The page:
Intersex reproduction

Chandler and colleagues then allowed these low-fertility, intersexed populations to survive and reproduce for 50 generations. At that point, they measured the later generations' sex ratio and fertility.

C. elegans sexes can be easily distinguished by tail shape: Males have a rounded tail tip, while females have a whip-like, pointed tip and the eggs can easily be seen near the tip of the tail. The intersex animals have both characteristics, with a rounded male-like tip but often carrying eggs like a female.

By the end of the experiment, all of the populations had returned to more typical sex ratios and higher fertility, despite being subjected to the intermediate temperature that originally produced intersex animals. The researchers found that the animals had not changed much in the expression of sex determination genes. Instead, Chandler said, "they appeared to be compensating through other genetic mechanisms, and likely in a number of different ways."

In other words, other genes were evolving to make up for changes in the sex determination genes, in a way that allowed individual animals to develop either as a male or a female, rather than intersex.

The findings have enormous implications for understanding how evolution works. As Dworkin points out, "even when the genes have a function as crucial as sex determination, the evolutionary process can overcome intermediate or less-fit types in sometimes surprising ways."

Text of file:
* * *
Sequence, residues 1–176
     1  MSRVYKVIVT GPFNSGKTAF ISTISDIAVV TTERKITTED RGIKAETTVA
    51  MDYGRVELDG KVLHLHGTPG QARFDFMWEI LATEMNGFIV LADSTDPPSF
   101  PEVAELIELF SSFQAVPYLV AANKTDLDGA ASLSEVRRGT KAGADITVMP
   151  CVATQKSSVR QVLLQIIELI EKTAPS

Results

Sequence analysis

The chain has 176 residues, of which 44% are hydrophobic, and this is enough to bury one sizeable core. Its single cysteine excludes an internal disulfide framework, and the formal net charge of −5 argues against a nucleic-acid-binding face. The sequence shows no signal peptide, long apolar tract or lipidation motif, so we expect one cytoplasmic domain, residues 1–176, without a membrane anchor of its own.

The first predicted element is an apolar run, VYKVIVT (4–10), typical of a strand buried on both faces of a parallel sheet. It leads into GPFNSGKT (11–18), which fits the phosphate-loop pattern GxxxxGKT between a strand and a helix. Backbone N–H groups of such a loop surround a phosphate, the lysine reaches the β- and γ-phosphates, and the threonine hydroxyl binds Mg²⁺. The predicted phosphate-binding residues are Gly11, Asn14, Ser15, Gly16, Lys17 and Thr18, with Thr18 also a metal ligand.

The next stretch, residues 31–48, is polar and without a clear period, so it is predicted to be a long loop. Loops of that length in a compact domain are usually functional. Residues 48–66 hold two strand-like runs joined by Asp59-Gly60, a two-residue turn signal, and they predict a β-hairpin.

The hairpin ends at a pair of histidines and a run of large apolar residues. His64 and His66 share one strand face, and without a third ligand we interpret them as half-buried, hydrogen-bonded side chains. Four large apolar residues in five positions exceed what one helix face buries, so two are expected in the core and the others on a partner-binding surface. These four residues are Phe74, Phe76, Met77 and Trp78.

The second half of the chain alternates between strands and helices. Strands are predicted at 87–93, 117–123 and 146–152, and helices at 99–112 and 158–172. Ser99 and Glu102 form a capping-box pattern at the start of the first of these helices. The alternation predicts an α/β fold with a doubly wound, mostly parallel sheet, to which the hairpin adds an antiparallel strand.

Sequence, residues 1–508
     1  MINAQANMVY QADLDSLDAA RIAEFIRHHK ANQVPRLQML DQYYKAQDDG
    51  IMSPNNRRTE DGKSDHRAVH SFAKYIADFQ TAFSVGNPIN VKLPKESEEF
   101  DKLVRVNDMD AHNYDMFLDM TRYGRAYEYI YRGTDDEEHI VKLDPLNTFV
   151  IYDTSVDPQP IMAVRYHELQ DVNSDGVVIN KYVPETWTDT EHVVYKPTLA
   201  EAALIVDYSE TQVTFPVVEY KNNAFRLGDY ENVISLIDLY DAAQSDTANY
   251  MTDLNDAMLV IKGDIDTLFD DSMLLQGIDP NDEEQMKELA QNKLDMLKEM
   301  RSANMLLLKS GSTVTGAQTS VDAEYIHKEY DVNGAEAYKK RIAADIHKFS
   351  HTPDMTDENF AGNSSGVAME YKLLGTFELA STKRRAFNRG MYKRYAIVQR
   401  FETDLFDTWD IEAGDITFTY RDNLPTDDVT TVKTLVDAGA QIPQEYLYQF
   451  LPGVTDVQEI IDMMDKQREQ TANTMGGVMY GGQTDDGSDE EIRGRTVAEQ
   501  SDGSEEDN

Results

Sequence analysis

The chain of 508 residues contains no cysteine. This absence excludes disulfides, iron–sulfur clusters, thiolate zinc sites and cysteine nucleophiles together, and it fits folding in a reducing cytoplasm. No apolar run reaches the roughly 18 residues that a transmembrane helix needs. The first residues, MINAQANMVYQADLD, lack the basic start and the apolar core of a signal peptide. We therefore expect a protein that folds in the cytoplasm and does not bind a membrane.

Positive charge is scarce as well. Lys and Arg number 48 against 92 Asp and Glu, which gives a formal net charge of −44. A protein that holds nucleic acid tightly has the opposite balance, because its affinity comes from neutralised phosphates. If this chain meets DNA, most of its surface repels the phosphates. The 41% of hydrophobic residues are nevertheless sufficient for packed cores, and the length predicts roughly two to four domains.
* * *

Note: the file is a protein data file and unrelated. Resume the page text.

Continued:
-- Danielle J. Whittaker, BEACON Center for the Study of Evolution in Action, Michigan State University, djwhitta@msu.edu

This Behind the Scenes article was provided to LiveScience in partnership with the National Science Foundation.

Investigators
Christopher Chandler
Ian Dworkin
Genna Chadderdon
Fredric Janzen
Patrick Phillips

Related Institutions/Organizations
Michigan State University
Iowa State University
University of Oregon

Locations
Michigan
Iowa
Oregon

Related Programs
Genetic Mechanisms
Evolutionary Processes Cluster
Long Term Research in Environmental Biology

Related Awards
#1120417 Mating systems and the origins of genetic conflict
#0922344 Swept under the rug: A systematic analysis of genetic background effects in Drosophila
#0641066 Partial Selfing and the Genetic Basis of Mating System Variation
#0939454 BEACON: An NSF Center for the Study of Evolution in Action

Related Websites
LiveScience.com: Behind the Scenes: Worms Can Evolve to Survive Intersex Populations: http://www.livescience.com/17189-worms-intersex-evolution-nsf-bts.html
Experimental Evolution of the Caenorhabditis elegans Sex Determination Pathway, Evolution, Sept. 8, 2011: http://onlinelibrary.wiley.com/doi/10.1111/j.1558-5646.2011.01420.x/abstract
BEACON Center for the Study of Evolution in Action: http://beacon-center.org/

Photo of a C. elegans worm tail belonging to a hermaphrodite.
A typical C. elegans worm tail belonging to a hermaphrodite.
Credit and Larger Version

Photo of an intersex C. elegans worm carrying eggs.
An intersex C. elegans worm carrying eggs.
Credit and Larger Version



Email this pagePrint this page
Back to Top of page